Rather than go off on a tangent descibing ideal settings for trust, I find real world examples to be so much more effective.
I chatted with my wife about this one first before hanging it out in the public. She agreed that it would be ok to share this.
As I have mentioned many times, my wife has a disibility. She has ADD. And for a long time, she has taken medications. Medications that make her sick. Every so often she gets a high level of medication in her system that produces toxic spells. The only option to deal with these is to stop taking the pills for about a week and have somebody give her Tigan shots to reduce the nausea. I don't know if you have ever seen somebody in the throws of the condition known as toxic poisoning, but, it ain't pretty.
Shorty after being married, the trust card came into play. She talked with me and told me she can't be my wife on this medication, it was not fair to me to be her care taker. She made it clear she wanted me as a husband, not a nurse. She wanted to quit taking the pills and see what would happen. She wanted to try and live a "normal" life for a while to see what it would be like. We talked to her doctor together. We discussed the pros and cons, spoke with the doctor about the environment in which she would be living, we talked a great deal about my secluded property. He agreed it was the ideal place for her to try to make some sort of "normal" life for herself, a place of recovery, a safe place. When the time came to make the choice, she could not. She was so afraid of letting people down by failing that she asked for the doctor and my self to make the choice for her. She wanted to see if we believed in her enough to support her, and, give her a good shove off to the right start. I was the one that made the choice. I respected, and trusted in her idea of freedom enough to make the decision.
She had a very rough period of transition, and, this was a time of building trust for both of us. There were some moments of hysteria, on both of our parts. There were a few freak out moments. She went into a nose dive for a while that really made me worried if she could handle this. But she pulled up. She righted her self and finally figured out the controls, and, she has been free to fly ever since.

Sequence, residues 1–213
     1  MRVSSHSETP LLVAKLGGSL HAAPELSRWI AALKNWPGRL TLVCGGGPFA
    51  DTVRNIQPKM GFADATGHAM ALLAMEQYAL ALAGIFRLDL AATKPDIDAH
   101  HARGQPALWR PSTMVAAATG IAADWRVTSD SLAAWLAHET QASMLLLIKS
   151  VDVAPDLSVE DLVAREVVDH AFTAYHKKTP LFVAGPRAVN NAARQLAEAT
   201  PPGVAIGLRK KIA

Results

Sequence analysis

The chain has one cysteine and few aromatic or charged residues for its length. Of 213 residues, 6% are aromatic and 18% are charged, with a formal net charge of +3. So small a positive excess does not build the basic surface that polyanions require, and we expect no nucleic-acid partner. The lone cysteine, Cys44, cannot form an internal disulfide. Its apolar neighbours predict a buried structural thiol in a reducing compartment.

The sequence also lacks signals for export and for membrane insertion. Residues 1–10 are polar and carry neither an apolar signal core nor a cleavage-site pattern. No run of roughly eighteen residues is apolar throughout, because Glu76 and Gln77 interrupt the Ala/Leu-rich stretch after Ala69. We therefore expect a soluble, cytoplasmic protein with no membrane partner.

She is a little more flighty now. A little more hyper than most folks, but, it is not so bad that it is crippling. She says for the first time in her life that she can remember that she feels normal. Oh don't get me wrong, she has her moments where stuff breaks down for a moment, just like I do with my PTSD. But that's ok. We are the nuts and we run this asylum. And we know how to take care of each other. There is a trust there, a trust that is hard to explain, it can not be defined as point a, point b, and point c.
And for me, that is the essense of real trust. Realizing that people and things are flawed. There is bound to be snags. Hell, some times, there is the whole crash and burn episodes, but, trust is knowing that you were free to crash and burn, and, knowing that somebody will come to clean up the wreckage. My wife is finally free to be her own person now. A person that giggles and is a slave to what ever whim strikes her at the moment. Much like my self. I don't take pills either, and I made that decision a long time ago all by my lonesome. I too, am a slave to certian things, things like panic attacks and sudden feelings of total dread that I have no control what so ever over. I am prone to fits of terrible depression that it takes an extreme act of will to dominate and seek some sort of control over. She is the high, and I am the low. And we trust one another in such a way to balance each other out.
For me, trust is sorta like driving a car where you have the breaks, but, the passenger has the gas pedal. Or vice versa.